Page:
Believe It Or Not, This Concrete RC Plane Actually Flies

Had the Wright Brothers foolishly chosen to build their original flyer from concrete, their names probably wouldn't have gone down in the history books. But South Dakota School of Mines & Technology students David Haberman and Tyler Pojanowski did, and they were the first to fly and safely land an 8kg remote-controlled concrete aircraft.

Technically, they were beaten to the skies by an earlier concrete plane built in Florida, but it crashed and was destroyed on landing, whereas David and Tyler's plane will live to fly another day. Just not gracefully, since the test flight was incredibly unstable and a rough landing resulted in a cracked wing and fuselage — but the plane will fly again with minor repairs.

Building a full-sized aircraft from concrete is still completely impractical with current technologies. But this smaller version, with its 102cm wingspan, could lead to further developments in concrete making it stronger, lighter and easier to work with when it comes to building structures.


Comments

    What's the point?

      But this smaller version, with its 102cm wingspan, could lead to further developments in concrete making it stronger, lighter and easier to work with when it comes to building structures.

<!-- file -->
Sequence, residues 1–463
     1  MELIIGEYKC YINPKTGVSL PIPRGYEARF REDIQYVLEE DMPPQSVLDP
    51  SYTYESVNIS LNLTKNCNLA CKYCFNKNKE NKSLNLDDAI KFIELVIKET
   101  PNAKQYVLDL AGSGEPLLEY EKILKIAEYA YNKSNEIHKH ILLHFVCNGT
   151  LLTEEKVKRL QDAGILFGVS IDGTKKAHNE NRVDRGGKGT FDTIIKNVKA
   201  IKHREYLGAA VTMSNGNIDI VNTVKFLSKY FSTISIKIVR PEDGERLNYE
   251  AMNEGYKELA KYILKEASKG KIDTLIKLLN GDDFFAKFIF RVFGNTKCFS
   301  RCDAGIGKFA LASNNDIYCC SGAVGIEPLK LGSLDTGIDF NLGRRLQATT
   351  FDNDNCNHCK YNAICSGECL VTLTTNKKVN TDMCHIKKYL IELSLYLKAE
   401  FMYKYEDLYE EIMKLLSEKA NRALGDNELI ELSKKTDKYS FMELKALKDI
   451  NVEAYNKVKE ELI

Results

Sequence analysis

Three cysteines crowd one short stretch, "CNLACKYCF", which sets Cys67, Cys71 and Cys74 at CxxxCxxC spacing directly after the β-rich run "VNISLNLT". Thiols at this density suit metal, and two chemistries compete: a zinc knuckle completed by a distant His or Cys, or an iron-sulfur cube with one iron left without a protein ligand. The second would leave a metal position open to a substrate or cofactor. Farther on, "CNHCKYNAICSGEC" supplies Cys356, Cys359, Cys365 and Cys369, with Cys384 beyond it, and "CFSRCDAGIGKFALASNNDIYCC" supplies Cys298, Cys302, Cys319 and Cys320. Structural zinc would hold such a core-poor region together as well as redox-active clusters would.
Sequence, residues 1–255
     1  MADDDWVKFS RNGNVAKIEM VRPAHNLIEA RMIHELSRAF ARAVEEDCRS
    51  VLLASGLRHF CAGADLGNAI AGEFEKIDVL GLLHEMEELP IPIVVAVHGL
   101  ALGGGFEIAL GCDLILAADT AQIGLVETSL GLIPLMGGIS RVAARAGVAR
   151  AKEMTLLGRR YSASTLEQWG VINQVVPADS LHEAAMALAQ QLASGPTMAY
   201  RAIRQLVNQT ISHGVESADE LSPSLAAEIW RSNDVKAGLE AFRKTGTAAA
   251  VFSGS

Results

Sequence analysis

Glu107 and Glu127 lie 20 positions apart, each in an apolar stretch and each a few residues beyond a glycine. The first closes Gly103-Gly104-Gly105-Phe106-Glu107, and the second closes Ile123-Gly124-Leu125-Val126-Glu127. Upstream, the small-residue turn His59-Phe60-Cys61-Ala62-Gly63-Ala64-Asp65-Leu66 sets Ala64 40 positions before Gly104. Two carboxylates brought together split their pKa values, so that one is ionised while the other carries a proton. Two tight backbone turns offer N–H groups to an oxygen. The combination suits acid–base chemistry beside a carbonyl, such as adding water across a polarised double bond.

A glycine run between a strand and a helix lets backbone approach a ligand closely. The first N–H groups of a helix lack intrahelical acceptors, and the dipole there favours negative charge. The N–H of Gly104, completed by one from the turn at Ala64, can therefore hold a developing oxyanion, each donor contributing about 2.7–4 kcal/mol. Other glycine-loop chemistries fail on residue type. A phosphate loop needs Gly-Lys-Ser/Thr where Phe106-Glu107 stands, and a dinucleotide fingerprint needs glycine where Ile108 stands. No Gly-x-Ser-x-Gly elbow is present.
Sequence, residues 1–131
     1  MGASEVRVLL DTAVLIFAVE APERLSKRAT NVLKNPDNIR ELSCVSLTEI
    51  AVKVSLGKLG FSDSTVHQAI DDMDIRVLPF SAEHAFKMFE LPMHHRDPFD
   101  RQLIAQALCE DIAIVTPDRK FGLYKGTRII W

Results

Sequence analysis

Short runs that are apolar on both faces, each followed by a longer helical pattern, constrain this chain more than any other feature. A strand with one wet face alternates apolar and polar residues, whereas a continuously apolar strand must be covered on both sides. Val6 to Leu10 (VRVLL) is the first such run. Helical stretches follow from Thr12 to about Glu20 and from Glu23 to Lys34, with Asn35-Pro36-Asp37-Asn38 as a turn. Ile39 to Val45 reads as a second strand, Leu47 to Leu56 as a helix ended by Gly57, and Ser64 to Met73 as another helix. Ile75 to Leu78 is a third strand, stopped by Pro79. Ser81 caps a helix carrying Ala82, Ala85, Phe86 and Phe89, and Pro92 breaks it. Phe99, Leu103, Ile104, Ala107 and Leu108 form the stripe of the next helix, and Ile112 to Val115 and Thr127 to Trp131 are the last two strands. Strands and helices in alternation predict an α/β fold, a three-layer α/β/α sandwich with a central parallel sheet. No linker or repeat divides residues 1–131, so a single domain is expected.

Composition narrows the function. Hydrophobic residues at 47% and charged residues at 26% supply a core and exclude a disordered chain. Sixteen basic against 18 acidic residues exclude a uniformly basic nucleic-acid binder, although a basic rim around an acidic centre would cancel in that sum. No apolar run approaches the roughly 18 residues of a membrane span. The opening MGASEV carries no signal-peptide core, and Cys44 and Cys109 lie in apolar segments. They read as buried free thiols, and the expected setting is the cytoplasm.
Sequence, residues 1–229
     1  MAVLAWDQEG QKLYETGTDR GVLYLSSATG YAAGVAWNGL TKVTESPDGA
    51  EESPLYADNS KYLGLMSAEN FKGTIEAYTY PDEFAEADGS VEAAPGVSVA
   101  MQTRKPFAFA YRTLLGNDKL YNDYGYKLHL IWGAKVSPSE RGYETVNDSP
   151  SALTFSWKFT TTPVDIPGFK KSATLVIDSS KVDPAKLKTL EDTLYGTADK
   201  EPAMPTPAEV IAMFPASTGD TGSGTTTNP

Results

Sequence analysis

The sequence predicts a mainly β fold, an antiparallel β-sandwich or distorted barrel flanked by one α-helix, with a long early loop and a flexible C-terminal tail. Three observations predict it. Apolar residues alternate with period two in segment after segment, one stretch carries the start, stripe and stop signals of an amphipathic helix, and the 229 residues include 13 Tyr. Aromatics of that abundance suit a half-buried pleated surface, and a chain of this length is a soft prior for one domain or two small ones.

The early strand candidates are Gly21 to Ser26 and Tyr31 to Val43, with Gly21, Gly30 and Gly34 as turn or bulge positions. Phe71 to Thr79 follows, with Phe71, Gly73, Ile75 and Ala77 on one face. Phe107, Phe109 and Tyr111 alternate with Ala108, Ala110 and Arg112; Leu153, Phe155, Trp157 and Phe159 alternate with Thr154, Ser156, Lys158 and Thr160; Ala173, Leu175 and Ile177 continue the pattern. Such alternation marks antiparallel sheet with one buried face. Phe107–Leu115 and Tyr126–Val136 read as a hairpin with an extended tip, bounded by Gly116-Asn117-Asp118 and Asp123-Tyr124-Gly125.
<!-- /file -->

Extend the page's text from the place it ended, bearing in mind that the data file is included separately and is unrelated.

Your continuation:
No surprise that its unstable with that wing design! With just a little bit of dihedral it would be stable in flight. This is just bad design.

    I don’t see the point of this experiment, there is an old adage in RC plane circles that says that you can make a brick fly with enough power.

    Great idea. Only thing is they'll most likely resort to a composite like most modern aircraft. Although, with experimentation with such a dense medium, they may be able to create a very small rc plane largely unaffected by crosswinds.

    It's the journey that matters, not the destination. ASCE has had the concrete canoe competition for years and the thin structures being constructed are impressive. Very often 'impossible' assignments result in solutions no one else thought of.
    BTW, concrete is usually a composite of cement and aggregate for compression and other materials for tension, usually steel, but increasingly other fibers are being employed.

    I want the #HTCOne for its: Screen

    The point is... Give bright young minds a problem and they will solve no matter the skeptics

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